Saturday, August 15, 2009

Badik

Badik
Small weapons of the knife are common throughout Indonesia and Malaysia.

Most common are the badik and the pisau.

In the old days of the Malay States the badik was a formidable weapon. A straight bladed, one edged dagger it served ideally for close-in fighting and was a favorite tool of assassination, for it can easily be concealed in the folds of one’s garments.

The warrior Raja Haji fought the Dutch at the zenith of their supremacy in Malacca and immortalized the badik as a symbol of resistance.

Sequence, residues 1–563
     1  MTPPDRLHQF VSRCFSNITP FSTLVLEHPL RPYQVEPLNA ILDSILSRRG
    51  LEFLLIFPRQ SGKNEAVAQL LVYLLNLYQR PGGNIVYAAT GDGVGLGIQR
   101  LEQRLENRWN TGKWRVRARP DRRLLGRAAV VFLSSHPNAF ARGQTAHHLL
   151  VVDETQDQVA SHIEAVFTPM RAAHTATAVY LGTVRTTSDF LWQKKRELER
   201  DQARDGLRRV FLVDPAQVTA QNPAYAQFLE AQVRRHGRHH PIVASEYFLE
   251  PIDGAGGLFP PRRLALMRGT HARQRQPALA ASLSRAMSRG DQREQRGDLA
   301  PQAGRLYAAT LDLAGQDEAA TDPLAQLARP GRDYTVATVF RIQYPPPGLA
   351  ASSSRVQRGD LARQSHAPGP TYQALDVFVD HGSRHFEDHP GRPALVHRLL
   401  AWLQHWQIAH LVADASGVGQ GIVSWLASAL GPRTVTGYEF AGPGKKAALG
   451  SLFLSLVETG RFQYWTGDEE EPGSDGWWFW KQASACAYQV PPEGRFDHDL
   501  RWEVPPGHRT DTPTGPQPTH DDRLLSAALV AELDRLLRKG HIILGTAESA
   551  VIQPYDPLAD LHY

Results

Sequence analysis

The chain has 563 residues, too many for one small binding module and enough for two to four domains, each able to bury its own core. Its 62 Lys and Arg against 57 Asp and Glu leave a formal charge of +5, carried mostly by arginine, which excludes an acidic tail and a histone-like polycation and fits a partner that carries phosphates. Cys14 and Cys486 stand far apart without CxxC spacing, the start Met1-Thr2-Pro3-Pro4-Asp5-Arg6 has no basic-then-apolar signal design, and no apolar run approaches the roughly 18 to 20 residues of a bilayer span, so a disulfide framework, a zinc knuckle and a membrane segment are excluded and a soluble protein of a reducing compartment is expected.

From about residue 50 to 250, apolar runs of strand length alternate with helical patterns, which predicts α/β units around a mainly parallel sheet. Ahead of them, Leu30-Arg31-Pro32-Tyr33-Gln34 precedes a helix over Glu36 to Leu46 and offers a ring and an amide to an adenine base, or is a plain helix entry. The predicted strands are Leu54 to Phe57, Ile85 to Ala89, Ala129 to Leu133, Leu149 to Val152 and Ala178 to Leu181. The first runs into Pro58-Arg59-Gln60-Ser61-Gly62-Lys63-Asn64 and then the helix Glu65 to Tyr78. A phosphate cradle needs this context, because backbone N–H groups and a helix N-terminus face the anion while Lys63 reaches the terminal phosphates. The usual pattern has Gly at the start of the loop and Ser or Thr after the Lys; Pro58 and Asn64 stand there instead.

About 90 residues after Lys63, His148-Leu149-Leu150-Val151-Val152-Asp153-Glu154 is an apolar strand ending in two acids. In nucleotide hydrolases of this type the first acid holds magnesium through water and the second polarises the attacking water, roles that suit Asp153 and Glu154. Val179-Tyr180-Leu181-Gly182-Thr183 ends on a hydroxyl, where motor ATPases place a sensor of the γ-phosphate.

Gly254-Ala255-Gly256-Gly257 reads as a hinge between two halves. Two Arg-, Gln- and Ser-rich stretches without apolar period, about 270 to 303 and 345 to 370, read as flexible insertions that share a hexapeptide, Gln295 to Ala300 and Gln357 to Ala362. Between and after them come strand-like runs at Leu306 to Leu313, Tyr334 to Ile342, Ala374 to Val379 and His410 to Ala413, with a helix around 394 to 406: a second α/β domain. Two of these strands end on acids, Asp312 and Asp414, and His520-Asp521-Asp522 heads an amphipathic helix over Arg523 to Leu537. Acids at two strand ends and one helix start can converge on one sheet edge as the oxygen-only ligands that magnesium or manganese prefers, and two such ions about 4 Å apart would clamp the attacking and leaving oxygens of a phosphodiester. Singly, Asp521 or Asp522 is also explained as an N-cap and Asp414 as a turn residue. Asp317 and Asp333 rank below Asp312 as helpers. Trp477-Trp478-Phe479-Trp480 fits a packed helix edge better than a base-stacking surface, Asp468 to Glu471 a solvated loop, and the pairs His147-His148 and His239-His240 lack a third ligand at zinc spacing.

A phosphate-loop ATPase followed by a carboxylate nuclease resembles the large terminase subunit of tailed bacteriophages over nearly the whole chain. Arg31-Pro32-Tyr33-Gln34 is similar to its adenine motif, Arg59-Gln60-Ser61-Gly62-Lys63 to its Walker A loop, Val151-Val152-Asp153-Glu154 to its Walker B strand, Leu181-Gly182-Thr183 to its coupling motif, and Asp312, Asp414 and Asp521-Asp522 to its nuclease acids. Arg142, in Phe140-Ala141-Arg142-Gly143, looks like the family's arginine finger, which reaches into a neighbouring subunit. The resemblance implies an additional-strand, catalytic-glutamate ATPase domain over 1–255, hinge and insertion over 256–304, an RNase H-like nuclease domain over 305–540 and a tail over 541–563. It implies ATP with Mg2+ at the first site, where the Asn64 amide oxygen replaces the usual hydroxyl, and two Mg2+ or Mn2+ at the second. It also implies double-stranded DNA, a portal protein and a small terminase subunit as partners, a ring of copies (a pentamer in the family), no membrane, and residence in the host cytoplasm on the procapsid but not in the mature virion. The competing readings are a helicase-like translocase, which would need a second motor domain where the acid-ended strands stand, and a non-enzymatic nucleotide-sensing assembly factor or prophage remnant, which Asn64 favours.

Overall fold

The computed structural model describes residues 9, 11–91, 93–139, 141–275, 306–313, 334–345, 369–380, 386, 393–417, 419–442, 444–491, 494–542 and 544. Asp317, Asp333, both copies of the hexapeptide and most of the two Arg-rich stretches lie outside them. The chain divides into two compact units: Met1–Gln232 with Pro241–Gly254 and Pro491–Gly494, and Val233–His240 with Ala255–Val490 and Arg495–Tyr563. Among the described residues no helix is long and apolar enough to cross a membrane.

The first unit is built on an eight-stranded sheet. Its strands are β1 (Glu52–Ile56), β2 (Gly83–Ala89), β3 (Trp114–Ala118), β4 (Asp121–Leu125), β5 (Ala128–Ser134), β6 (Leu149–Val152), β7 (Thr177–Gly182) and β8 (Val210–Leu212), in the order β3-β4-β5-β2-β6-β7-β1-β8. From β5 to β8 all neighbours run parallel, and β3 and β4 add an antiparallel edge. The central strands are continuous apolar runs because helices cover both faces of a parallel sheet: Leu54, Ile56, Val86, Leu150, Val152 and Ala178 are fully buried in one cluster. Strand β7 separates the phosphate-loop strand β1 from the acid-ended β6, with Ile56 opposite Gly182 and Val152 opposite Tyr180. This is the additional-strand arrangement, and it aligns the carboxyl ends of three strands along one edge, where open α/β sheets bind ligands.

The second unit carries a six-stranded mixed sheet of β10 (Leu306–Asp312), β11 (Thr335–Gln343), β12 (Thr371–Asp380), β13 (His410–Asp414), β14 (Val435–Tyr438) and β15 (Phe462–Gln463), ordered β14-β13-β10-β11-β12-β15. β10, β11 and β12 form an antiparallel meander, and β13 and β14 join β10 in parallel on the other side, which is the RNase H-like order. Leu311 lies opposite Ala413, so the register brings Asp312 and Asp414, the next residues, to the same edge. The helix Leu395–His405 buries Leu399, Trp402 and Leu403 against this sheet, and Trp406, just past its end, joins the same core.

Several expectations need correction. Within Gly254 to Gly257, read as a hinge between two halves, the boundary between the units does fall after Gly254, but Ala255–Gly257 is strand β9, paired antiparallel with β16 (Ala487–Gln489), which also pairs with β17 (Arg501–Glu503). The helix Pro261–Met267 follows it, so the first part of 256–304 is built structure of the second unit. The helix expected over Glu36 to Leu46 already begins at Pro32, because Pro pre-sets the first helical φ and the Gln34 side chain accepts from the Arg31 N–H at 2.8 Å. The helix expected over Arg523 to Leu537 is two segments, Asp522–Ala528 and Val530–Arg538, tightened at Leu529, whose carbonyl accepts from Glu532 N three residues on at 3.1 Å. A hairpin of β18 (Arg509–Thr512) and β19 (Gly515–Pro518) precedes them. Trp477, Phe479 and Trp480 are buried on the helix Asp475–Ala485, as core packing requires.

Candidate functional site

But it is to the Bugis and the Makassarese that the badik as a symbol of resistance. But it is to the Bugis and the Makassarese that the badik owes its infamy.

Neither of these peoples are without the badik. Preceding combat, a Bugis or Makassarese fighter will position his badik at his left front side.

It is drawn by a slashing withdrawal action blade edge facing the enemy, and then thrust forward into the abdominal cavity of the victim.
Badik
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